I have a very busy life. I have five children and work (more than ) full time as a physician. Long hours working in the intensive care unit followed by the nightly bedtime battles (my wife and I are outnumbered) make squeezing in trips to the gym not an option. The problem is that middle age is barreling towards me like a freight train and exercise is the only thing that will untie me from the tracks. My metabolism is only getting slower. For that reason, finding a fitness plan that is effective without taking a lot of time is essential.
To face this challenge I have experimented with many different types of exercise. I was looking for programs that could be done in my basement and take less than 45 minutes in total (including warm up, cool down, and changing clothes). This obviously excludes anything involving a gym where it takes almost that long getting too and from the gym door to weights. You need almost one and a half to two hours for a good gym workout. My time restraints also exclude many endurance activities like biking and running. It’s hard to get results with a 25 or 30 minute jog unless you run really fast which I don’t particularly enjoy. This also takes me out of the house where I am often needed to keep the children from causing permanent damage to each other or our belongings. Fortunately there are many workout websites and apps that have videos of varying intensity that can be done at home (e.g. beachbody.com and dailyburn.com).
I tried many of these workout programs and videos and enjoyed many of them very much. They were relatively effective for me but the problem was that I got bored with them after a few weeks. I would then start dreading doing my workouts.
Another option I tried was CrossFit. I had done CrossFit in the past with very good success. For the reasons why CrossFit is effective click here. The problem I had was that I was still 24 in my head but not in my body. It then became very hard for me to complete their workouts of the day. I pushed myself too hard and burned out.
Many people have discounted CrossFit as being too intense and cultish. These accusations are not without merit. If you were to go onto the website in the past, it was filled with super intense high level workouts with the uber-fit posting self-inflating and narcissistic times often couched in the humble brag (“Dude, this was tough for me coming of 337 days without a day off. It took me a whole 3 and half minutes to complete as prescribed”).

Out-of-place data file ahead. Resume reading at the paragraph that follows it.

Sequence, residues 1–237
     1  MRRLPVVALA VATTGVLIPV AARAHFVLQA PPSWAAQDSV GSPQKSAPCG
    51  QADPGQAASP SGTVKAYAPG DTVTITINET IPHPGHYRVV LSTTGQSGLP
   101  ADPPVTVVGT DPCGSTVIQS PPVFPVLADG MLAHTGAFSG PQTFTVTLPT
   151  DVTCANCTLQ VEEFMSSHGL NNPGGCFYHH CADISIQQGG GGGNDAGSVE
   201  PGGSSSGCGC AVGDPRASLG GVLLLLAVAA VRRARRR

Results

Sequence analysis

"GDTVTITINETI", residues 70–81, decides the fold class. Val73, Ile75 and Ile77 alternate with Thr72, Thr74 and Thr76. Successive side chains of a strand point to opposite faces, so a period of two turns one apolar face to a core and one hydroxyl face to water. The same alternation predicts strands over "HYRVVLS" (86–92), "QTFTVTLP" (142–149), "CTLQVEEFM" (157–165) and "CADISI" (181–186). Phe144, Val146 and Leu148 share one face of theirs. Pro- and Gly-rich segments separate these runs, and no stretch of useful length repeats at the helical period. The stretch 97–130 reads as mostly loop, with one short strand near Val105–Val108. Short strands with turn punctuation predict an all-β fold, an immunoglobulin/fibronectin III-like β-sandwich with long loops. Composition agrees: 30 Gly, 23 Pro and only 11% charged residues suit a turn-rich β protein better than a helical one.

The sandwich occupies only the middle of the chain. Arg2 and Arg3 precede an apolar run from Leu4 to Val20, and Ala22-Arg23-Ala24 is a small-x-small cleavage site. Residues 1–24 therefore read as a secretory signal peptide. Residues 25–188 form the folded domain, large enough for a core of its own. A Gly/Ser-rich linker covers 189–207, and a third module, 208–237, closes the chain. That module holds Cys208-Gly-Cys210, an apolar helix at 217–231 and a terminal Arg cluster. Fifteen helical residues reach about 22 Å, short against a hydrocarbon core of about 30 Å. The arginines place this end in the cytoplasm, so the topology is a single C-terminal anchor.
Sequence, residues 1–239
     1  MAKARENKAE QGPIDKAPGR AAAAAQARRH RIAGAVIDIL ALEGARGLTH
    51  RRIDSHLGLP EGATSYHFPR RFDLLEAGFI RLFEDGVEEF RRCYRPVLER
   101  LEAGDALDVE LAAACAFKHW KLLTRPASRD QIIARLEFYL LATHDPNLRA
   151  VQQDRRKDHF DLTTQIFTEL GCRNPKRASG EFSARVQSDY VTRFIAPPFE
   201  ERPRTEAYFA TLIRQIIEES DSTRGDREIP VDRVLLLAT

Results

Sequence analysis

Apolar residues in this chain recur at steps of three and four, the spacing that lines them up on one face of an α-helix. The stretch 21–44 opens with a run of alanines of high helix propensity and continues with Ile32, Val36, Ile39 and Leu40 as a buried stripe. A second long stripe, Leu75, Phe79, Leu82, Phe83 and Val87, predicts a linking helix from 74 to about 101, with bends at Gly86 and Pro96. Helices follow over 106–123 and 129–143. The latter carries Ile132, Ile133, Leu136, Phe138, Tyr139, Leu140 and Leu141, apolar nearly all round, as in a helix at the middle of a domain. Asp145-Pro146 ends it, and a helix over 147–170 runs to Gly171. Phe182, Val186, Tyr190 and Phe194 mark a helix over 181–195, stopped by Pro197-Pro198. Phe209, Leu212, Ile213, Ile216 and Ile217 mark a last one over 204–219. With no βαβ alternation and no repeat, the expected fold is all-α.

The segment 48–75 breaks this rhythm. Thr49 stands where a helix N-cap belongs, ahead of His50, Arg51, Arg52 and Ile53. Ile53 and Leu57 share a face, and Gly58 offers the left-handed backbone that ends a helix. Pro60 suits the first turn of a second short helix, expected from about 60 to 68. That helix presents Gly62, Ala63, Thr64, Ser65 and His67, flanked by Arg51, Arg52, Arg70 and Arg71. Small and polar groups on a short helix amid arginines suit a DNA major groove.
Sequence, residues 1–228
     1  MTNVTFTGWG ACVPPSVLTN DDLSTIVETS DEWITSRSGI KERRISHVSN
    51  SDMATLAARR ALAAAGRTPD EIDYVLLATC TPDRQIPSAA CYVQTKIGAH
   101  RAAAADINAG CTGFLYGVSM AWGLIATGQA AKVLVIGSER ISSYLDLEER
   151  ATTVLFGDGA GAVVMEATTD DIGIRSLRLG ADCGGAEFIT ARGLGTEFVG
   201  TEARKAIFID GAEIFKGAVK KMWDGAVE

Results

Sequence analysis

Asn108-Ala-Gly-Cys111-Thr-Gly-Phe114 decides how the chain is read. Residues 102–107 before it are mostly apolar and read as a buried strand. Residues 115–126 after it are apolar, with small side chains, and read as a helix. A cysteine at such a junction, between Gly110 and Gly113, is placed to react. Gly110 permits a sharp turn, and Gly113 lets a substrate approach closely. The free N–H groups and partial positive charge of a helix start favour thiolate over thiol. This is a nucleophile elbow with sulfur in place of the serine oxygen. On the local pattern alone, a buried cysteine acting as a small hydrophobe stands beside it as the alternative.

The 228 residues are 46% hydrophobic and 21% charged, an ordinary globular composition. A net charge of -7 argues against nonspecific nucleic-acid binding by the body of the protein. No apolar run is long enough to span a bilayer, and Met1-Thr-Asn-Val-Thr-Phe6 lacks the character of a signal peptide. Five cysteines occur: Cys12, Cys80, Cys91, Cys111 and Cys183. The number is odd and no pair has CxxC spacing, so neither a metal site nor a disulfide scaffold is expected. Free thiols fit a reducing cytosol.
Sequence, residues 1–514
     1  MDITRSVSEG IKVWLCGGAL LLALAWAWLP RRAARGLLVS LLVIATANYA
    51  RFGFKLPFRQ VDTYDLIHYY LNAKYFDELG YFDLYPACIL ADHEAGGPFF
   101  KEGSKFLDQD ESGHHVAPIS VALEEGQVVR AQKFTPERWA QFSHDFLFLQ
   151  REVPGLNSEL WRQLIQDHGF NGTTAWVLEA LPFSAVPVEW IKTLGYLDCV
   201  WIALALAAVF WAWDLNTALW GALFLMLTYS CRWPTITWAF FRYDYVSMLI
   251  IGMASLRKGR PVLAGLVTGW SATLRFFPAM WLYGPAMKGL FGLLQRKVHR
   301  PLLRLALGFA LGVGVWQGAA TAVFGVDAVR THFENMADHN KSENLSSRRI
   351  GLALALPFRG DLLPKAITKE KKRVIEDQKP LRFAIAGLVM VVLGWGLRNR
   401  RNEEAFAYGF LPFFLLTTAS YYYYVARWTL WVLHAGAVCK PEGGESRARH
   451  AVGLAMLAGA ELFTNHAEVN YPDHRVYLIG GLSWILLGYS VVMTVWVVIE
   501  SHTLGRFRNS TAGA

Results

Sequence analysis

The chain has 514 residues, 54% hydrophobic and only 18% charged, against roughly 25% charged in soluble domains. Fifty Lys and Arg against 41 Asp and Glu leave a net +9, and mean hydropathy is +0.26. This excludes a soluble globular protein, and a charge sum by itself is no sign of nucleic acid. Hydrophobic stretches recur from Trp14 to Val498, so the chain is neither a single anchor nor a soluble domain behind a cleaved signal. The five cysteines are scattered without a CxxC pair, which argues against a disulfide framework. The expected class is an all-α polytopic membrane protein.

Even with the drawbacks, I had great success with the program so a few months ago I decided to give it another try and headed back to the CrossFit home page. I decided that I would be a little less intense and scale the workouts.
Scaling is an essential aspect of CrossFit. It essentially means paring down the workouts to your level. Decreasing the weight, reps, or substituting easier exercises for more challenging ones. The main website puts up workouts designed to challenge elite athletes. I am not elite, not even close, so I started scaling. On the website now in the comments section there are coaches from various CrossFit locations that will make recommendations on how to scale the workout. If you’re new, you can usually find a Groupon for a local gym to have a coach scale for you. Anyone can do CrossFit with the proper scaling.
I started back and have been amazed at the response in a short time. Even though the workouts were often less than 15 minutes and I only did them 3 or 4 times a week, I noticed results very quickly. I had to move up one notch on my belt and my shirts were tight more in the chest and arms than in the waist. The best part is that there is a different workout every day so I never get bored.
For most of the workouts you do need some equipment. I have a weight bench I got on Craig’s List, some dumbells that can be adjusted, and a pullup bar in my basement that is about 1 foot higher than my reach. There are, however, many workouts that are bodyweight only in the archives to get you started. There are also hundreds of Youtube videos with workouts, techniques, and guides for beginners.
Give it a try, its not nearly as scary as you think.